We all have our favorite translations, but by comparing how a Hebrew word, phrase or verse is translated in different translations you can get another look at how other translators translate and interpret the Hebrew words.
A common form of Hebrew poetry that is found in the Bible is the paralleling of Hebrew words with similar or opposite meanings. These words, that are paralleled with the word you are studying, will help to understand how the author understood the word.
In previous lectures we have learned how the study of the root of a given word will help to define the word that you are studying. By also looking at how the root of the word you are studying is used in its context you will better be able to define the root and thereby define the word you are studying.
Now that you have a basic understanding of how to define words through the Bible, answer the following questions related to this subject.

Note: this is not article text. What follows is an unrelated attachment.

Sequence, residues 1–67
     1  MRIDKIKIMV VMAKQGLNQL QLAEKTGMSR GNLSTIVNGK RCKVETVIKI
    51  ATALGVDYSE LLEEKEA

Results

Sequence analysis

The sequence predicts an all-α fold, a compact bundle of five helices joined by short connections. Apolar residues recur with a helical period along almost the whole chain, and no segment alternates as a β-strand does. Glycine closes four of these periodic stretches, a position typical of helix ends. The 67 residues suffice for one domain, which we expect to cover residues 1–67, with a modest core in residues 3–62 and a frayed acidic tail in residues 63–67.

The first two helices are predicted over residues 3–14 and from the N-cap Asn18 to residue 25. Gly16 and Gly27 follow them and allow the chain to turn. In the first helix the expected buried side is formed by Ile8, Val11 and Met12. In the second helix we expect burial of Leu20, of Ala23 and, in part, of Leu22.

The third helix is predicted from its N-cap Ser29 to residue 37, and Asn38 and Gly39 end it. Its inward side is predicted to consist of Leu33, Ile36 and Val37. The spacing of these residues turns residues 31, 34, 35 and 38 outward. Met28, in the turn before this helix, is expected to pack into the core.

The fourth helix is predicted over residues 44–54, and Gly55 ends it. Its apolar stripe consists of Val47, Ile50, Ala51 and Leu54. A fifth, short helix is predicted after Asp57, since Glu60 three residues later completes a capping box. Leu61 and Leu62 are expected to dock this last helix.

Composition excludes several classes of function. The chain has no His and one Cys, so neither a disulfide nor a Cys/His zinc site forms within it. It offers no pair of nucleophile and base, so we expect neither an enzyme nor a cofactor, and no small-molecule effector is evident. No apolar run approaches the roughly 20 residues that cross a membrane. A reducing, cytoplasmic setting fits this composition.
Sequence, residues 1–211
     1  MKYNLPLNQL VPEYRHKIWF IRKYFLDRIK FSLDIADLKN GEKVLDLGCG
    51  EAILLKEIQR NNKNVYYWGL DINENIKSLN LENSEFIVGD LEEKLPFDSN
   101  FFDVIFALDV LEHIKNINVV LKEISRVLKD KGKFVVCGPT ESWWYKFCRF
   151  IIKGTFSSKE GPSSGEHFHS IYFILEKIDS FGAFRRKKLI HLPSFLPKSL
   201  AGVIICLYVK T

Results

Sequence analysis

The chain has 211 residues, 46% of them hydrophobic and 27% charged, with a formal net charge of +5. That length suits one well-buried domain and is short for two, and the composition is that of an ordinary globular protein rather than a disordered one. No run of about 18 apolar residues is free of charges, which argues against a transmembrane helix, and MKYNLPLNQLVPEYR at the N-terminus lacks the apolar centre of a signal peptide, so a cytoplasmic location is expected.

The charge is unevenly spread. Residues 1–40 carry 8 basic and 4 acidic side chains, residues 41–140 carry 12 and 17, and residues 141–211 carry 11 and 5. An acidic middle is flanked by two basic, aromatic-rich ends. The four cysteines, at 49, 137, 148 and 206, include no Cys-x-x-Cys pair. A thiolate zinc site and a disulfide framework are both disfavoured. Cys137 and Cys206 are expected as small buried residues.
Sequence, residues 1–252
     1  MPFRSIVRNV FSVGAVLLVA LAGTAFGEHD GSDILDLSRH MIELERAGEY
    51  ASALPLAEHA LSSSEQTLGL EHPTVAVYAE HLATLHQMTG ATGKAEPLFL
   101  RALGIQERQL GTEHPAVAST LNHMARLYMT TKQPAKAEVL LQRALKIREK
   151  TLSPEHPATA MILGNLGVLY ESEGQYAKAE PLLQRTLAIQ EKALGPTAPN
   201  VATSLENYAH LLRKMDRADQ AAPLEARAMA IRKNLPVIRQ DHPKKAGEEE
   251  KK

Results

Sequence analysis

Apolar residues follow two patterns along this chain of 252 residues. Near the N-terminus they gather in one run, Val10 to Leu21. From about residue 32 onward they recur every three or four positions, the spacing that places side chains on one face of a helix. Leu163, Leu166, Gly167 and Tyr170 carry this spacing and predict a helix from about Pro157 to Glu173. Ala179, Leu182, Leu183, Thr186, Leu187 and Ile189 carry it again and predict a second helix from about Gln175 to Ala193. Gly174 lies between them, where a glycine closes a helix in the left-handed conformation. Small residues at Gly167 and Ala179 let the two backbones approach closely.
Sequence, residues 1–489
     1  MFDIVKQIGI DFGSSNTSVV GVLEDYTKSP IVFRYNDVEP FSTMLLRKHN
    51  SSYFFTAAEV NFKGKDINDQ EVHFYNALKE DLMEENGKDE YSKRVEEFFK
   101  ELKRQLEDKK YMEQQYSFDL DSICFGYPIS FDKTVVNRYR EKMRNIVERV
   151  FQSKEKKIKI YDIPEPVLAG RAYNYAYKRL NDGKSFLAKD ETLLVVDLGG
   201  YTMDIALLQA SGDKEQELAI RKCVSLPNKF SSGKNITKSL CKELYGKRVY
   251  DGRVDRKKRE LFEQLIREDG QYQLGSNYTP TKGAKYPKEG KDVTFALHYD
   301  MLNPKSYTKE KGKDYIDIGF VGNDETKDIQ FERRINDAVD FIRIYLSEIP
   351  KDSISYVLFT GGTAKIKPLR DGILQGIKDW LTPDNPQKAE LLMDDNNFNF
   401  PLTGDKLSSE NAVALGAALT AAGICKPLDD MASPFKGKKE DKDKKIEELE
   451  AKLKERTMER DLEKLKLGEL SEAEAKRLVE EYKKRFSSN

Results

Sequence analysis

Through this course you have learned a series of steps to be taken when doing a thorough study of a Hebrew word. In this lecture I will review for you all of these steps to prepare you for your own Hebrew word studies
In this lecture, which is divided into three parts, we will use all of the tools shown in the course, from beginning to end, to do a Hebrew word study on the word "grace."
This is the second part of the lecture on how to do a Hebrew word study on the word "grace," using the tools we have learned in this course.
This is the third and final part of the lecture on how to do a Hebrew word study on the word "grace," using the tools we have learned in this course.